• FDTL

Happy St. John's Day...I Mean...Happy Pagan Solstice Day!

So I'm sure that the title just chapped a few kiesters, and that OK. History sometimes annoys people, because they either choose to ignore the realities of the past, or revising the past to affirm personal beliefs just "feels better" to many. Whichever way you lean, you should learn as you travel through life that a more open mind is a healthy thing, and never a detriment.

Courtesy of Federico Respini on Unsplash
Courtesy of Federico Respini on Unsplash

Onto the meat and potatoes! Happy Almost St. John's Day, everyone! Whereas June 24th is the calendar date for the Feast of St. John the Baptist, the origins of this feast day take us back centuries. June 24th is very close to what many people called the Midsummer, or the celebrations marking the the start (or middle) of summer based on the tilt of the Earth and other factors in the Northern Hemisphere. It is marked by the one day in the year with the longest amount of daylight, which is known to us as the summer solstice.

The summer solstice normally falls between June 19th and June 25th, and is the one day of the year with the most daylight north of the equatorial plane. The sun also reaches it's highest point in the sky at noon on this day, in (again) the NORTHERN hemisphere. So for us that live in the Northern Hemisphere, the June solstice is our summer solstice, while it is the shortest day and the winter solstice for our friends south of the equator.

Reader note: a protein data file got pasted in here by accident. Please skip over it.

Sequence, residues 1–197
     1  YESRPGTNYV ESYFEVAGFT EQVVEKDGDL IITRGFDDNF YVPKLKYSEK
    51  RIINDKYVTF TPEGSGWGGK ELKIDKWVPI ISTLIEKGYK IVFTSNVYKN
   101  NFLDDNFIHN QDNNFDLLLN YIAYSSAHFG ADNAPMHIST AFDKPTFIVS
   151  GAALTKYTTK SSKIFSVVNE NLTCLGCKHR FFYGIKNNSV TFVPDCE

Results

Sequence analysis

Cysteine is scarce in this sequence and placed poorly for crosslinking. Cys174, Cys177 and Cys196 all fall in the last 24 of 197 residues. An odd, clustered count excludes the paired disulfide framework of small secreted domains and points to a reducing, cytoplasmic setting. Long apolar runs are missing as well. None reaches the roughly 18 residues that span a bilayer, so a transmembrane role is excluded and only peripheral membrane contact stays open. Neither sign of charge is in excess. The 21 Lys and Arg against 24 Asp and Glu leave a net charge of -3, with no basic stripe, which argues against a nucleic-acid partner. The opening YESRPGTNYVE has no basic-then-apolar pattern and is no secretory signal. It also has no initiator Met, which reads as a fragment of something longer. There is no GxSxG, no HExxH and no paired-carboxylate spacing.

The Northern-Hemispheric-June-Summer-Solstice (let's just stick with summer solstice or Midsummer) was celebrated as a feast day for thousands of years in Europe, North America, and Asia, and displayed our ancestors' amazing breadth of knowledge of the sky and astronomy. Before computers, advanced astronomical instruments, and the telescope, these ancient peoples could calculate when the longest day of their year came with amazing accuracy.

North American Indians celebrated the summer solstice with feasts and worship, and carved their stories in caves and on large medicine wheels, many of which still exist today. The Northern Europeans erected huge monolithic observatories, and held celebrations commemorating the fertility of the Earth on Midsummer. Ancient Chinese cultures celebrated the solstice with festivals that celebrated femininity and the yin force of nature.

The celebrations of Midsummer lasted for millennia in many parts of the world. Then, in the 4th Century CE, the feast day of St. John's was codified to occur right around the time of the summer solstice for various reasons. One: it was intended to replace the pagan rituals of Midsummer, that not only occurred during the solstices, but the equinoxes, and other times of astronomical significance. Second: it was marked as the halfway point on the year, six months before the celebrated birth of Jesus, on December 25th, and coincided with John the Baptist arriving before Jesus

The reason why this is a touchy subject for some is that they choose ignore the past, and may be part of the reason why the present days are the way they are. Pagan rituals and festivals surrounding important astronomical dates existed thousands of years before the quasi-monotheistic Abrahamic religions. Just because they are now tied to holy days and feast days in the modern extant forms of worship, does not mean we throw out their prehistoric origins. To remember the past is to have a more universal understanding of the present, and ultimately the future.

So Happy St John's Day, or Happy Midsummer, or Happy Summer Solstice to you! May you find comfort in the longest day (or shortest night) of the year, and take pleasure in the universal festivities of the life-giving star that we revolve around year after year.

PS - if you live in the Southern Hemisphere, your happy sun day is 6 months from now, sorry!

Courtesy of Sebastian Gabriel at Unsplash

~~ FDTL ~~

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